The irony of having to be led around by a man because of her myopia is symbolic of what ails women who too easily swallow the culture’s gender roles. Meg has proudly fit herself into the wifely mold until she collapses hammered by the reality of the role’s oppression in a superbly portrayed scene by Hamill, Crane and Lloyd. Meg leaves Brooks and returns home, confiding to Jo her desperation because she is overcome by the impossible reality of domestic life, motherhood and male expectations that the household be run in perfect order every day.
Hamill’s “freak-out” as Meg is both humorous and dramatic. Her fine performance of the scene first with Jo and then with Brooks who is contrite and apologetic, strikes like lightening. Meg goes back to him after she has asserted what she will and won’t put up with and we sense he is a reasonable man; thus, the development of a relationship that is the hope of a partnership of give and take forms. Michael Crane is excellent as Brooks and authentic in his portrayal of the retiring, erudite tutor who, too, falls prey to the gender roles of the time to not fully recognize that he needs to “man up” and help out Meg.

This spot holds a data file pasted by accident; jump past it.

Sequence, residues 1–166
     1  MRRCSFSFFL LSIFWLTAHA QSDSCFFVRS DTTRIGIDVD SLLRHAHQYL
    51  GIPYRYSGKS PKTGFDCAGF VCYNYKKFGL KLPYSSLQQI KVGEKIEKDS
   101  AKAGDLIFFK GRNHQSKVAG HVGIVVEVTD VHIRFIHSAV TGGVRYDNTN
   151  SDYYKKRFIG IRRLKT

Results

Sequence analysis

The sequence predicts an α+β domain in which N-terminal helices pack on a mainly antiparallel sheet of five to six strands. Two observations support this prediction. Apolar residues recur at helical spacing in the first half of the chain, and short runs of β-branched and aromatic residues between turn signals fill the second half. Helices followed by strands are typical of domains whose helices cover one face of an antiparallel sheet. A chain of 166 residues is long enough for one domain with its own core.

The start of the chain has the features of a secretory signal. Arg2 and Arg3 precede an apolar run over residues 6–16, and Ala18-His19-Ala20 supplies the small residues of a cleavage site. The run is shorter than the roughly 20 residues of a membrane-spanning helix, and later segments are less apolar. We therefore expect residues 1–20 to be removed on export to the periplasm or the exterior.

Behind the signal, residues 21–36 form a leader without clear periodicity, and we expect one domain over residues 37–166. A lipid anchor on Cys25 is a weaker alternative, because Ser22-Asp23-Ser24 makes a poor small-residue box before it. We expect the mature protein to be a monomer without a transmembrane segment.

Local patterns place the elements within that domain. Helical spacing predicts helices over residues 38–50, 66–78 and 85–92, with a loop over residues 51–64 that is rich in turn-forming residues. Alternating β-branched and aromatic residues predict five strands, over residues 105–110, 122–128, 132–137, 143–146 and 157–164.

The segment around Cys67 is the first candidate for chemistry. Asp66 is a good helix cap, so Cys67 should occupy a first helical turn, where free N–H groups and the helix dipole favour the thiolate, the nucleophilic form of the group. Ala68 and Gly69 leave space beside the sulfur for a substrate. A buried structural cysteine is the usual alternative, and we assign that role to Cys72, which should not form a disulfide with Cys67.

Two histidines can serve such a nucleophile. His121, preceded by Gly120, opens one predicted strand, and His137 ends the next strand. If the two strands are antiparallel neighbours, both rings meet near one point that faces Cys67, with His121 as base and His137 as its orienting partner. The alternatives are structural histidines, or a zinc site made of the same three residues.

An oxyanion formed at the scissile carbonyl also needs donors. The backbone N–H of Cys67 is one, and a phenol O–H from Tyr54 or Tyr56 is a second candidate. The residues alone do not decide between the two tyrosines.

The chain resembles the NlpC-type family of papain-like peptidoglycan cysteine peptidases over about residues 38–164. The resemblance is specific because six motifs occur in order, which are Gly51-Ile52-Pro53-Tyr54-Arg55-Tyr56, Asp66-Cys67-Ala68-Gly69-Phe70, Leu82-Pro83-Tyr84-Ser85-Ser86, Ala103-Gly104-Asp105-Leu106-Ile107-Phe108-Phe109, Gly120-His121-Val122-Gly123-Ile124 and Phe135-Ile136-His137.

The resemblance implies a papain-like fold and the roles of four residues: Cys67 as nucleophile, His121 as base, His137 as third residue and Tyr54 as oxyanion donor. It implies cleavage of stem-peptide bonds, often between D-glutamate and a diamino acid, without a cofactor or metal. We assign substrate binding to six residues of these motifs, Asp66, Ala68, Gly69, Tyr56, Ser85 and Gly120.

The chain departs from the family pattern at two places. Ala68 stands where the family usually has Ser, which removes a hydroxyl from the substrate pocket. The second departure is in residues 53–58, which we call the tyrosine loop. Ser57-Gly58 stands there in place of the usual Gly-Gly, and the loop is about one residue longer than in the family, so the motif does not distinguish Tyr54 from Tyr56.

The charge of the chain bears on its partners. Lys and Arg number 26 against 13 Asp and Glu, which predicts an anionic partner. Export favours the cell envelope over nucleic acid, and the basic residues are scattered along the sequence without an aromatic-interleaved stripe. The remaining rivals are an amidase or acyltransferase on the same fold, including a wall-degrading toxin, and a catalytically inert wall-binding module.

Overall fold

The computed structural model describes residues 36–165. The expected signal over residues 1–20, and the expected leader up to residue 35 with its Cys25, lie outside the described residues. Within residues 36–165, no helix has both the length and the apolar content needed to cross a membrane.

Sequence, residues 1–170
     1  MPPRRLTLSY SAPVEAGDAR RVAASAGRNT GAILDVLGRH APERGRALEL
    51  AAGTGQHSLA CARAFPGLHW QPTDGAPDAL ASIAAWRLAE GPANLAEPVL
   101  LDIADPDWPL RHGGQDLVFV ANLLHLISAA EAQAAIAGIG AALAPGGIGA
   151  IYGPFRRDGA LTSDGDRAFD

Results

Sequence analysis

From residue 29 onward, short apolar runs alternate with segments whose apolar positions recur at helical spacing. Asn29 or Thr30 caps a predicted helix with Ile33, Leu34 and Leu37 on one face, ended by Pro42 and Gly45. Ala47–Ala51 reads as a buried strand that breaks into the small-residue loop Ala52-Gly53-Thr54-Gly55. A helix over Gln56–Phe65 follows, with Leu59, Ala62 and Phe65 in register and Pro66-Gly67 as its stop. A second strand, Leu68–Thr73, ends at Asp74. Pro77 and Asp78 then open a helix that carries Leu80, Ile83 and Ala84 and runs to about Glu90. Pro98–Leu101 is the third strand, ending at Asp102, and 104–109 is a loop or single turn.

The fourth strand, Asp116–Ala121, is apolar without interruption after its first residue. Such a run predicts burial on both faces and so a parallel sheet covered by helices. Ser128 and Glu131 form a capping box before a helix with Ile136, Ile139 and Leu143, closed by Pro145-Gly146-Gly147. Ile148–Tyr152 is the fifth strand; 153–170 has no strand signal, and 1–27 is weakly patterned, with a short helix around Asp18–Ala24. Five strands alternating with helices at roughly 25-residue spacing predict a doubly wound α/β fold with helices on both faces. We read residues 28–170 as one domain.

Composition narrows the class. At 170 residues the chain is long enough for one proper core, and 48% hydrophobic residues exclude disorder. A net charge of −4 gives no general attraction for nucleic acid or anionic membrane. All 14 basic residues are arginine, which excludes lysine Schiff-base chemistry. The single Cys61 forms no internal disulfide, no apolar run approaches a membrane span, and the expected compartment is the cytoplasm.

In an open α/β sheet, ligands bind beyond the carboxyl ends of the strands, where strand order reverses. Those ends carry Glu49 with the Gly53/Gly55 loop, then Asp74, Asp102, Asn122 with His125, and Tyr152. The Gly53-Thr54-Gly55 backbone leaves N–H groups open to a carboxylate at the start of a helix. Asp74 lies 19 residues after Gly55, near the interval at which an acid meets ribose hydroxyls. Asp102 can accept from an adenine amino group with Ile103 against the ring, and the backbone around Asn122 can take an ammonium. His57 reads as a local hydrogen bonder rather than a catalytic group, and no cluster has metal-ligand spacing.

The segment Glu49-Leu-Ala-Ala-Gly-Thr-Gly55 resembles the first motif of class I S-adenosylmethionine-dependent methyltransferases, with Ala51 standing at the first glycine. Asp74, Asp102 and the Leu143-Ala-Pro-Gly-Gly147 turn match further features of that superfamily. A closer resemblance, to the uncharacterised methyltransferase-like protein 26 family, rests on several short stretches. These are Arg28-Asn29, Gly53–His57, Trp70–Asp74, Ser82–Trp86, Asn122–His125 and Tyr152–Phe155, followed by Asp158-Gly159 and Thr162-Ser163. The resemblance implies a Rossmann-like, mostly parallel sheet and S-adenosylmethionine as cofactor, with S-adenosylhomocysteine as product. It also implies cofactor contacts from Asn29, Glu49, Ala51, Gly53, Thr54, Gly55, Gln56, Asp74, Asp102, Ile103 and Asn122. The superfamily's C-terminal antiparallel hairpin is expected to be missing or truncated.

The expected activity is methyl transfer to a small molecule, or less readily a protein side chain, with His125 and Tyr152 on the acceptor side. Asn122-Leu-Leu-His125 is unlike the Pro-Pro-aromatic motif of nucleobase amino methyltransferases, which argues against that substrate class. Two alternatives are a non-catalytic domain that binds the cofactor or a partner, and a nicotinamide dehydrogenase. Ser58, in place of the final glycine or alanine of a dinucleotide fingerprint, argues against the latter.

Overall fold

For her part Jo has witnessed in Meg’s and Brook’s quarreling, what she will never put herself through. Her identity, encouraged by Beth, Marmie (the wonderful Mary Bacon) and Meg’s trials with Brooks convince her she must forge her own sense of self and career path that is equivalent to those men which men achieve. Meg’s troubles assure her that her decision not to flirt with, capture a man’s heart then be oppressed and saddled with drudgery the rest of her life as his handmaid will never be her portion.